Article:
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Waters Statement on the Passing of First Black Mayor of New York City, David Dinkins

November 25, 2020
Press Release

Waters Statement on the Passing of First Black Mayor of New York City, David Dinkins

Washington, D.C. – Today, Congresswoman Maxine Waters (CA-43), Chair of the House Financial Services Committee, issued the following statement following the death of David Dinkins, the first Black Mayor of New York City.

“I am saddened by the loss of my friend, the legendary former Mayor of New York City, David Dinkins. David was an undeniable trailblazer for the Black community. He tapped into our community’s imagination and showed us what was possible. We shared in his rise and success in New York because we understood the perilous struggles he overcame to ascend to that office, becoming New York City’s first African American mayor in 326 years. David’s 1989 campaign slogan “you don’t have to be loud to be strong,” underscored his thoughtful and deliberative approach to leadership and politics.

“Like so many, I remember when Nelson Mandela arrived in the United States in 1990, just after being freed, and shared in the pride and joy so many of us had in having worked so hard to break Apartheid South Africa and set Mandela free. While I had the immense pleasure and honor of welcoming Mandela to Los Angeles, David welcomed Mandela to New York City. We understood the significance of a free Mandela in Los Angeles with me, a leader in helping to divert funds from Apartheid South Africa and of Mandela in New York with David, the city’s first Black Mayor. This moment sent a powerful message to the world, but it was also one of those occasions in which the Black community, bound by a shared experience of racism and oppression in the United States and around the world, understood that we had just achieved something historic and monumental. It is a testament to the strength and fortitude of people like David Dinkins, who found success against all odds and systems designed to ensure his failure.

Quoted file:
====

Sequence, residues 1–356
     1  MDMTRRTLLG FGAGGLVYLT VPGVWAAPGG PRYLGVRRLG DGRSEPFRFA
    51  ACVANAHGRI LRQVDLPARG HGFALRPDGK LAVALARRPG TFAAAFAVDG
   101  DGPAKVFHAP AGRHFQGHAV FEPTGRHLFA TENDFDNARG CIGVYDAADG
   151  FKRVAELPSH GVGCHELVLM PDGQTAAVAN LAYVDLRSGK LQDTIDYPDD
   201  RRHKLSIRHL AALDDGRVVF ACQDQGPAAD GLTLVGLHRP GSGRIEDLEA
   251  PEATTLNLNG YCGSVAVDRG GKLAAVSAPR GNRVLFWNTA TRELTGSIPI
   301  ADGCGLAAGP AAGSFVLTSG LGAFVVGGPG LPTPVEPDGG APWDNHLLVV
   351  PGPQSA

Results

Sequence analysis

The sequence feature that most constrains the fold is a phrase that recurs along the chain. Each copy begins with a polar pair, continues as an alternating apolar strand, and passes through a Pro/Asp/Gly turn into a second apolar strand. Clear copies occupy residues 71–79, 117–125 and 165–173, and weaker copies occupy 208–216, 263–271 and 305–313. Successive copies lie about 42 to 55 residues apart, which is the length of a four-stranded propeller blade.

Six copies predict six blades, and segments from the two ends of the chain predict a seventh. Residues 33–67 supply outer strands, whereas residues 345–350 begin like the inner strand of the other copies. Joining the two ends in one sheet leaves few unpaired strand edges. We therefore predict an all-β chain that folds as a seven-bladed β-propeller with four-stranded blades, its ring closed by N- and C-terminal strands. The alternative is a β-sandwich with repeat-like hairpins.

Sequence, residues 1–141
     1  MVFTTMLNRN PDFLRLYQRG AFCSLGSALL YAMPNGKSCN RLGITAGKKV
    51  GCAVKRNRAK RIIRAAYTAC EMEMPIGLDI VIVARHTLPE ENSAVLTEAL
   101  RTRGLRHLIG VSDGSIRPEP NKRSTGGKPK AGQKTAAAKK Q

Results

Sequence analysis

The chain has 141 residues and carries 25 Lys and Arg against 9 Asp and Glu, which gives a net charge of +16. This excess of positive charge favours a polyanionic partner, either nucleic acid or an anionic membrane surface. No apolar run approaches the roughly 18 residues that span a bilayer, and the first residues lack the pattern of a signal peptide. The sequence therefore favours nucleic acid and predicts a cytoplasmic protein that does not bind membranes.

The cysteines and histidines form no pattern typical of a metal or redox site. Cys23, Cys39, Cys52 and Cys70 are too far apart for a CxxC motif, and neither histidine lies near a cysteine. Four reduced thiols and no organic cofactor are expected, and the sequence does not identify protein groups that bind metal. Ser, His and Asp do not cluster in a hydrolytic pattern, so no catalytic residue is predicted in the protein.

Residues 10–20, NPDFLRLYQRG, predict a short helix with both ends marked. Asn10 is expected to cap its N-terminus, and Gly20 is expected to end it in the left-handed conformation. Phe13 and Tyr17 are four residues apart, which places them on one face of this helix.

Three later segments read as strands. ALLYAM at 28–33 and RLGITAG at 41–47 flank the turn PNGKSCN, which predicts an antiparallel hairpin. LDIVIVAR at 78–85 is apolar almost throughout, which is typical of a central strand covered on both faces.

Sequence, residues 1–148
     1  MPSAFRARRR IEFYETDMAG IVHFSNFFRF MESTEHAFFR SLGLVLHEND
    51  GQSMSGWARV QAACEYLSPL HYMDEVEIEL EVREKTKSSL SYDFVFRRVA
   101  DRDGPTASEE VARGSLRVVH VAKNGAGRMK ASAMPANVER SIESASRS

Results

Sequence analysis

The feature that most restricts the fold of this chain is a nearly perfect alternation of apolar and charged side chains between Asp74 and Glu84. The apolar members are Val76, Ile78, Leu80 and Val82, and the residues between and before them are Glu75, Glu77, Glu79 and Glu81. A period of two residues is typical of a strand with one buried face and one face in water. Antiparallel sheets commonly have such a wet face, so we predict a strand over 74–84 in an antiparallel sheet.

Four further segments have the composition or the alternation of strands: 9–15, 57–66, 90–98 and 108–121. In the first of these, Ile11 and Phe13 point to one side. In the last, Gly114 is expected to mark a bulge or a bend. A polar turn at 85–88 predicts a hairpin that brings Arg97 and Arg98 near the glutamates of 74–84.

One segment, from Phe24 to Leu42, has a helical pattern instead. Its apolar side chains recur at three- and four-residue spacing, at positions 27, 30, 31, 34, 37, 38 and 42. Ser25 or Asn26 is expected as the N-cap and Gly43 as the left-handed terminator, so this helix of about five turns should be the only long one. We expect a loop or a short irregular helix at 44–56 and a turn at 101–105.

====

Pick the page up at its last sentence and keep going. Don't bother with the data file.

“As Mayor of New York City, it was David Dinkins, not Rudy Giuliani, as pointed out by the New York Daily News, who created the Safe Streets, Safe City plan that reversed a perilous decline in the ranks of the New York Police Department, contributing to a 16 percent drop in violent crime. And it was David Dinkins, not Ed Koch or Rudy Giuliani, who negotiated the Times Square land development deals that revitalized 42nd St and opened up opportunities for companies and brands beloved by Americans across the country. Unfortunately, despite his efforts, the city descended into an economic recession, experienced an increase in crime, and gave way to internal cultural tensions. David lost reelection to Rudy Giuliani who exploited those tensions, engaged in racist political stunts, and made baseless accusations against David, such as accusing him of cheating.

“I join with New Yorkers and people across the country in lifting up David Dinkins as a legendary titan and powerhouse in American politics. It is my hope that his legacy will live on and that future generations will tell the story of how a young Black man from modest means became the first Black mayor of one of the largest cities in the country. My thoughts and prayers are with David Dinkins’ family and loved ones who were already mourning the loss of David’s wife, Joyce Dinkins, just two months ago. It is my sincere hope that David’s distinguished service to his country, the City of New York, and his legacy of achievement will bring them comfort and peace of mind during this difficult time.”